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Life in the Cypriot kleptocracy

Life in the Cypriot kleptocracy


Shortly after the citizenship-by-investment report, economist George Koumoullis argued that Cyprus had a kleptocracy, a system of government in which political leaders use their position to increase personal wealth.

The government is said to have completely disregarded the legal opinions presented in 2015 and 2016 by the Attorney General. They stated that it was illegal to grant citizenship to family members of an investor.
The report provides plenty of evidence that the government was more interested in maximizing passport sales than acting within the law. Thus, several members of the government, including the president, have directly benefited from this scheme. Their next of kin earned large sums of money either by representing the applicants or by helping them sell their property.

Along with this, Koumoullis recalled the recognition of the archbishop by the local media, he told President Anastasiadis: “We must stop stealing, including me.”

The archbishop accepted a donation of €300,000 for the Church and €10,000 into his personal bank account from fugitive Joe Taek Lowe. He is the main perpetrator of the infamous 1MDB scandal in Malaysia for his efforts to persuade the government to grant him Cypriot citizenship.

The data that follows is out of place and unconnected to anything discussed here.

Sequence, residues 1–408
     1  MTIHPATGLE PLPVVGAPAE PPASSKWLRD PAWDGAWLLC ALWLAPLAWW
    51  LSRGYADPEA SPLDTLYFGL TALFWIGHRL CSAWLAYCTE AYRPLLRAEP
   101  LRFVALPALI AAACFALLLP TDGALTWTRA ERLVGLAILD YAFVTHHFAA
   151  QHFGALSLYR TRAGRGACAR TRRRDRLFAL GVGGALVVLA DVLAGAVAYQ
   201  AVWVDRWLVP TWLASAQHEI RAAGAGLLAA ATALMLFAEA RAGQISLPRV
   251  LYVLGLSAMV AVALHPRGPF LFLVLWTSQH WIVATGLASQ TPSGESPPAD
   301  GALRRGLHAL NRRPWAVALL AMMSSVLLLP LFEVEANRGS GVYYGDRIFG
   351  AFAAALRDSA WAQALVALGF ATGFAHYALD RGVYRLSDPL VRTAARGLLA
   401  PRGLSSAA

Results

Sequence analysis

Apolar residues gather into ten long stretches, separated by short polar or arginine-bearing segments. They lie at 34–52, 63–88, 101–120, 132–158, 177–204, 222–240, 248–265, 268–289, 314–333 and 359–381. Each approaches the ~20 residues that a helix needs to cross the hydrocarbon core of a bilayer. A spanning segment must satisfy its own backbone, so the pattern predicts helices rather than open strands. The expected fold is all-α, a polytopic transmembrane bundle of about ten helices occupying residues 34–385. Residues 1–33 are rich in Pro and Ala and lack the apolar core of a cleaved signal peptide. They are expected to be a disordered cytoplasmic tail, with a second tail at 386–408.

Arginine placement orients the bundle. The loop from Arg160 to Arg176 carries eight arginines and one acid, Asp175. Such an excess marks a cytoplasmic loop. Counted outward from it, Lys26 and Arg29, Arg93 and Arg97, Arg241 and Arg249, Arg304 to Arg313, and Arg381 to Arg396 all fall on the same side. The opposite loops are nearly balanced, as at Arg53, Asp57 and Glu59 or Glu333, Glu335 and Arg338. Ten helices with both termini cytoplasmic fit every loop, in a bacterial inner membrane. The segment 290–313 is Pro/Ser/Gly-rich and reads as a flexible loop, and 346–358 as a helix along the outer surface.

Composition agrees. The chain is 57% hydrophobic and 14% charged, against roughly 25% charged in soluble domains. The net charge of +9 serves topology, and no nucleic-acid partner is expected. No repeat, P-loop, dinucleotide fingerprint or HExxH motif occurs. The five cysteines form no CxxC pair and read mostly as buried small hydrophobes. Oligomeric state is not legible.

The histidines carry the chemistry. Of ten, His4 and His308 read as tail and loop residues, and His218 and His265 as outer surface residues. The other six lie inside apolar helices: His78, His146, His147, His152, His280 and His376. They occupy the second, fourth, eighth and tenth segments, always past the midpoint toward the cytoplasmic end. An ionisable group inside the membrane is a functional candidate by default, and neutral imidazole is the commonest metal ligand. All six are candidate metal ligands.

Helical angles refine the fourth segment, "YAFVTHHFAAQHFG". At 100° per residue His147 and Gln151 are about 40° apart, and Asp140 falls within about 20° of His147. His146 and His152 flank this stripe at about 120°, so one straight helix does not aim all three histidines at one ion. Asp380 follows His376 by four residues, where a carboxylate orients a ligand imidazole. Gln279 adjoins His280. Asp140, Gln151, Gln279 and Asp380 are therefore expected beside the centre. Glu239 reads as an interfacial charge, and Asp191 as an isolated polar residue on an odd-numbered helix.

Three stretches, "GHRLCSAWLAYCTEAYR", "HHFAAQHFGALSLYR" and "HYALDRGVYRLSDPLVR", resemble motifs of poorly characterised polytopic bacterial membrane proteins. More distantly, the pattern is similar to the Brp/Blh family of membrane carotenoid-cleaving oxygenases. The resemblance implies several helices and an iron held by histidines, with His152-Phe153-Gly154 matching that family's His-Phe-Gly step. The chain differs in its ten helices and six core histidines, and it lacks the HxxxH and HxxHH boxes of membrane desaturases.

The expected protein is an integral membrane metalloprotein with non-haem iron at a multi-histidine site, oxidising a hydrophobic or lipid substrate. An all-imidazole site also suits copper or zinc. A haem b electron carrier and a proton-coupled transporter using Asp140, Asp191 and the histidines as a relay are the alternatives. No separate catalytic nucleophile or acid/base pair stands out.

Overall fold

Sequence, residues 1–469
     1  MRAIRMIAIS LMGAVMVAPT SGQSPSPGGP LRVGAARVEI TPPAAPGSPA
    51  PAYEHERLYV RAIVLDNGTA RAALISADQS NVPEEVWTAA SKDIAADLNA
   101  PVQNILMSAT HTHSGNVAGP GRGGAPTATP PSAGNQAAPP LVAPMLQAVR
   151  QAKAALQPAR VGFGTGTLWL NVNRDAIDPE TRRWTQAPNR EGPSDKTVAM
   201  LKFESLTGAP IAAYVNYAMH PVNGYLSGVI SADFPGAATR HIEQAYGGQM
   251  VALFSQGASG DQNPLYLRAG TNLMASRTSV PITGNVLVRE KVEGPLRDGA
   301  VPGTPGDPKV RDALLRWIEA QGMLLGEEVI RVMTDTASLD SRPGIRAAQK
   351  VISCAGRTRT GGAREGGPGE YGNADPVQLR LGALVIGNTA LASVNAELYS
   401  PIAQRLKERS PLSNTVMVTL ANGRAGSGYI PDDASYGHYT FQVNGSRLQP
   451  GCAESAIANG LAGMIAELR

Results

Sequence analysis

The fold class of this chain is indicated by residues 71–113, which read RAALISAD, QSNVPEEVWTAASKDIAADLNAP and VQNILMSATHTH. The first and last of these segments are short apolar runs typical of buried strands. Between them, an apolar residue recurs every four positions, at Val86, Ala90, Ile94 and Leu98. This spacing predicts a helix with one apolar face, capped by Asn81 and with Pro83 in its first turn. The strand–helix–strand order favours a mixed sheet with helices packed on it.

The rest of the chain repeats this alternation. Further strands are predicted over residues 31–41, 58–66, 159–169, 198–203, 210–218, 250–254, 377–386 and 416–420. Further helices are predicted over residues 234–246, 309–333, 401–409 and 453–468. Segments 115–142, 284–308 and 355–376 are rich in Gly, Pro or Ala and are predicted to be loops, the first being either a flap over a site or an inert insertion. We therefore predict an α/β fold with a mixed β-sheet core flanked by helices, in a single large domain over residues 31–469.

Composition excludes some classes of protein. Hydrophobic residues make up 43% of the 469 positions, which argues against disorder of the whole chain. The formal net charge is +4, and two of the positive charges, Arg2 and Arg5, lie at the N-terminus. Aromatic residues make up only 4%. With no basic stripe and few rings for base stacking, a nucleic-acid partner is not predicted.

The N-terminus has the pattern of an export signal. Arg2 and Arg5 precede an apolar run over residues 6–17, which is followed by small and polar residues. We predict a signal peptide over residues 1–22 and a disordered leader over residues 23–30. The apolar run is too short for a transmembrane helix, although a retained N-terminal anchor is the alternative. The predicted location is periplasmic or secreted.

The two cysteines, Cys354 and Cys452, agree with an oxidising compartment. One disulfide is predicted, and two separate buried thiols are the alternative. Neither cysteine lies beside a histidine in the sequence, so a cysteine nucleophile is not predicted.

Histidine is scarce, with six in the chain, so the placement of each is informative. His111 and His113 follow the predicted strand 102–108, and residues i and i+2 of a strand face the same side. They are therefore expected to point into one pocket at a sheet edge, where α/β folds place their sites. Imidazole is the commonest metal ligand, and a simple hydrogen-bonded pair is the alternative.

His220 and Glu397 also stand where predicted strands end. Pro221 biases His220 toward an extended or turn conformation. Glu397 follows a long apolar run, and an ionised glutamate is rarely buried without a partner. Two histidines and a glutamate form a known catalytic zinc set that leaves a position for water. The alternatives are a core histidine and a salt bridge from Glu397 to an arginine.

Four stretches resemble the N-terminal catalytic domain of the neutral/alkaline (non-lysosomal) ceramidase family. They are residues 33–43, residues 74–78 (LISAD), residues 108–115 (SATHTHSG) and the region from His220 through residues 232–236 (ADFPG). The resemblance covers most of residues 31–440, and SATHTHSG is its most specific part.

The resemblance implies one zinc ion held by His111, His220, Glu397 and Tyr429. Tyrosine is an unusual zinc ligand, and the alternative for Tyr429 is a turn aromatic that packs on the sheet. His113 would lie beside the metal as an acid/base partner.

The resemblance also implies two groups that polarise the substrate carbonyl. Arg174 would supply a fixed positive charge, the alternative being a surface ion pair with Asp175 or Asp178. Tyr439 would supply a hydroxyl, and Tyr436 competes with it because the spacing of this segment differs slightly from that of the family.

Anastasiades and his ministers did not bother to state their interest in approving citizenship applications filed by their family law firms. They behaved as if they had the right to use their position to become richer.In any democratic country that respects the rule of law, such scandals would by now not only lead to the resignation or dismissal of the government, but also to criminal charges against the president and those ministers who benefited from passport applications.

In Cyprus, however, all it took to close the case was a hesitant public apology from the president, who said there was no fraud or embezzlement.

During his presidency, the Citizenship by Investment scheme was adapted to create more favorable conditions for his family. There are suggestions that the amount of enrichment may exceed 300 million euros.

Unfortunately, there are very few checks and balances to the power of the president in Cyprus.
This is another side effect of the unresolved Cyprus problem.

The 1960 constitution granted these checks and balances to the Turkish Cypriot community, with the result that they have not been in operation since 1963.

Although there have been abuses of power in the past, nothing has caused the country more inconvenience than the sale of golden passports.

Because of the famous Al Jazeera documentary that exposed Cyprus’ corruption to the rest of the world, the country is now officially accused by the European Commission – along with Malta – of failing to fulfill its obligations under the “Sincere Cooperation” Treaty with other states. – EU members.

After all, Cyprus was selling not only Cypriot passports but also EU citizenship to the world’s most famous white-collar workers, dictators and shadow oligarchs.The Commission has repeatedly warned the government against this EU value scheme since 2015.

The government simply ignored these warnings.

The economic consequences of kleptocracy are serious.

Almost by definition, kleptocracy impoverishes a nation.